Can Birth Control Support Mental Health?
You bet it can!
You might already know that in addition to preventing unintended pregnancy, birth control can do a lot of wonderful things for your body (like reducing your chances of developing ovarian cysts or uterine cancer, as well as improving acne and making your period less painful). But did you know birth control can also support your mental health? Here’s how. For answers to specific questions about birth control as it relates to your mental health, make an appointment to visit a provider at your nearest The Right Time health center.
1. It can give you a sense of control
As someone who struggles with depression and anxiety, I rely on my IUD to give me peace of mind in a world where I otherwise feel out of control. A friend of mine with an anxiety disorder prefers to use birth control pills to completely suppress her period. For her, being in control of when and if she gets her period is not only convenient, but also reminds her that she’s in charge of her body. But all our experiences are unique, so speak to a health care provider at your nearest The Right Time health center about how contraception can help you feel like yourself.
2. It can alleviate some causes of depression
Hormonal birth control can help alleviate the depression symptoms associated with conditions such as premenstrual syndrome (PMS) and premenstrual dysphoric disorder (PMDD). For many people, birth control helps to manage and even improve their moods.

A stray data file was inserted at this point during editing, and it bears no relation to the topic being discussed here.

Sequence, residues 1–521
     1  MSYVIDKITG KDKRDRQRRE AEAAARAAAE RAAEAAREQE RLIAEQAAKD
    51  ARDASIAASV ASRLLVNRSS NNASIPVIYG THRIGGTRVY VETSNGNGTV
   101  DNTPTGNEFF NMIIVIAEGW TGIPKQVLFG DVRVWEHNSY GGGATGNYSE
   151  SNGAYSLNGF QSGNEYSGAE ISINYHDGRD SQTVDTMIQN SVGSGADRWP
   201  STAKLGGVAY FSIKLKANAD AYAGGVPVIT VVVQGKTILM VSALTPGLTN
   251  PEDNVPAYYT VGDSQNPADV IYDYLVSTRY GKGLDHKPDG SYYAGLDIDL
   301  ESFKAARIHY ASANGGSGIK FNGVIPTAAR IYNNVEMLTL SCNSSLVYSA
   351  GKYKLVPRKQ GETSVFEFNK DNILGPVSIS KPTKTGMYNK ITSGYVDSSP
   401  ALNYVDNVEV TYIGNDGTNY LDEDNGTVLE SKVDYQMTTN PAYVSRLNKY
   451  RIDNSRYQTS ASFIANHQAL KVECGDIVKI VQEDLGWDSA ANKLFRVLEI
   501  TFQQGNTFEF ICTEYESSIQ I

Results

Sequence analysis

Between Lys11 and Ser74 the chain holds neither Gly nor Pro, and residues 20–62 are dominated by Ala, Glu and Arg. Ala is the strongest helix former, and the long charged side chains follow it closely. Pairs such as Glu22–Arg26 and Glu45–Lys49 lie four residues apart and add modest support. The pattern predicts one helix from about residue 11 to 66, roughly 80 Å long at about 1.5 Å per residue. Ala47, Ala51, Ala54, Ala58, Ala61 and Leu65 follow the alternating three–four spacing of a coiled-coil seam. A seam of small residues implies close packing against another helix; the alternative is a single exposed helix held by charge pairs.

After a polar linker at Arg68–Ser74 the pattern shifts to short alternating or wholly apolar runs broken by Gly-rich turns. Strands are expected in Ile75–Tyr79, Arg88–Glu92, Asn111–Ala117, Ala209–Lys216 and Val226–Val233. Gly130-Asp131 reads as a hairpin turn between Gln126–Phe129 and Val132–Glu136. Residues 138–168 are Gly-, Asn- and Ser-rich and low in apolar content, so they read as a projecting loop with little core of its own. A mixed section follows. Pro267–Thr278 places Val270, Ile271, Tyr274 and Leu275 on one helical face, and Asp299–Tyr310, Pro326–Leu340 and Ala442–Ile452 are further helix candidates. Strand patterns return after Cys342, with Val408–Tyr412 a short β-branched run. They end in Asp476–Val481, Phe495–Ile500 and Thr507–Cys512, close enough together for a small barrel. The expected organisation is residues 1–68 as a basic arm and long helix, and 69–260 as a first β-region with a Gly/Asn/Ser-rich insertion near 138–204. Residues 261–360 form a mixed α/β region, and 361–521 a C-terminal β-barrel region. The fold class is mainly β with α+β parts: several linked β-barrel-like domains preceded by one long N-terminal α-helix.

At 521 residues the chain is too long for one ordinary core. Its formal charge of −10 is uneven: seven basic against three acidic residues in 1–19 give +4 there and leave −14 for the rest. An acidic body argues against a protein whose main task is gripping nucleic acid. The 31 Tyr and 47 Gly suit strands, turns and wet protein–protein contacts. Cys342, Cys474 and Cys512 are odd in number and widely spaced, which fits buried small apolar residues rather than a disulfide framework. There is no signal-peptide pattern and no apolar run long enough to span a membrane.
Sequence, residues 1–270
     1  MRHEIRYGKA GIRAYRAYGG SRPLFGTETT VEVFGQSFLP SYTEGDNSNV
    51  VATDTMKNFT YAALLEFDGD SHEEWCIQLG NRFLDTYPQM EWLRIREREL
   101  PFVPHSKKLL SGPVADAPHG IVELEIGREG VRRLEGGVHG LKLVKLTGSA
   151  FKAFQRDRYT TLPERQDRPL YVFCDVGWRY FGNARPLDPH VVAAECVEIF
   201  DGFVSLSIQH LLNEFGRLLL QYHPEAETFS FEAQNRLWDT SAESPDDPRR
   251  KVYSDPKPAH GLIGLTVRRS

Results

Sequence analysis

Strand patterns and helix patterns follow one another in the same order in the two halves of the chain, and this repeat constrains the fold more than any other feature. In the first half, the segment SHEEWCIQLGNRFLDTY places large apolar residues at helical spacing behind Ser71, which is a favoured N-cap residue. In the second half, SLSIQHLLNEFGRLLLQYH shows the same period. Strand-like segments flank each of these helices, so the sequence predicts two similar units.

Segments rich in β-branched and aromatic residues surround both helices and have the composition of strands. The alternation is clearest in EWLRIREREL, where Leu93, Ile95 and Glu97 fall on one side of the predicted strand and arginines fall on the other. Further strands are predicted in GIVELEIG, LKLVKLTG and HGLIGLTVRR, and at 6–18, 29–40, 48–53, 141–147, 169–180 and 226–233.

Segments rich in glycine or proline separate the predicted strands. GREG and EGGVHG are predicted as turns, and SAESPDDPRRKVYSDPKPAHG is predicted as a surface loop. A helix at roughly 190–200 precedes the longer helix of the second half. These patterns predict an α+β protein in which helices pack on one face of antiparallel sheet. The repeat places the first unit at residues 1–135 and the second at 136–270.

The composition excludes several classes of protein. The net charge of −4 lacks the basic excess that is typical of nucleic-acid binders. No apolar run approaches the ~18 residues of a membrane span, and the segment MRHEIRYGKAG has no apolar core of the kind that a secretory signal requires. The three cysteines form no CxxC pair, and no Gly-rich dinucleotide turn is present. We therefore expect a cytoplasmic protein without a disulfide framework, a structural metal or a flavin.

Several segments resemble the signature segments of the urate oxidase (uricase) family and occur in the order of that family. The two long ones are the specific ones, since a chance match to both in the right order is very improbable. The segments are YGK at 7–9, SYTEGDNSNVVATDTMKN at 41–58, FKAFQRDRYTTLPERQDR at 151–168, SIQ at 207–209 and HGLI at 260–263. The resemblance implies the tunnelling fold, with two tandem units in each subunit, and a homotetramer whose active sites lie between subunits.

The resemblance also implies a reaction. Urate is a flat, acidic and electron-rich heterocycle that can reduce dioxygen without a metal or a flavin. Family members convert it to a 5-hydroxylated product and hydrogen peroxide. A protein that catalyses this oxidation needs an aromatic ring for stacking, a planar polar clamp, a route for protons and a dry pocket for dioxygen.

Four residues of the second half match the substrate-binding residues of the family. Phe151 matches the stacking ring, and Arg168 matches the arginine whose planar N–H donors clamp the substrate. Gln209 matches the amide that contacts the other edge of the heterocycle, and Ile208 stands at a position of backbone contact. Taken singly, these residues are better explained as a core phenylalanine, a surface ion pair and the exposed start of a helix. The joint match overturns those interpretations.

3. It can reduce your stress and improve your sex life
Stress can take a toll on your sex life. In addition to libido loss, people who are stressed may experience anxiety and headaches, and people with a uterus might experience irregular menstrual cycles. Birth control is not a cure-all for stress and anxiety, but it can certainly reduce your stress and anxiety about a potential unintended pregnancy (and you might find you enjoy sex more when you know you’re protected).
There are many types of birth control. How can you know which will best fit your needs? A conversation with a The Right Time health care provider is a good place to start. Here are some of the things you may want to consider:
1. Whether you already have medication to manage
For many people with mental illnesses, there is medication to manage. Taking a birth control pill at the same time every day can potentially add complications to that routine. Using a type of birth control you don’t have to take every day, like an IUD or an implant, might be easier. And if you’d rather avoid hormones, there’s the copper IUD, which contains no hormones of any kind.
2. Whether your medication could harm a developing pregnancy
Another thing to keep in mind is that some of the medications used to treat mental health conditions can be harmful to a developing pregnancy. If that’s a concern for you, it may be especially important to choose your birth control carefully to make sure you’re using a method that’s highly effective.
3. Whether your medication might reduce the effectiveness of certain types of birth control
While most medications don’t interact with birth control, there are a few mood stabilizers that can make some methods less effective, increasing the chance of an unintended pregnancy.
There are many options, and together, you and your provider can figure out what method works best for your body and your mental health.
If you’re in crisis, call your mental health provider, 911, or the National Suicide Prevention Lifeline at 1-800-273-TALK (8255). Or use their online chat to talk to a skilled, trained counselor at a crisis center in your area at any time. If you are located outside the United States, call your local emergency line immediately.
Updated August 2020
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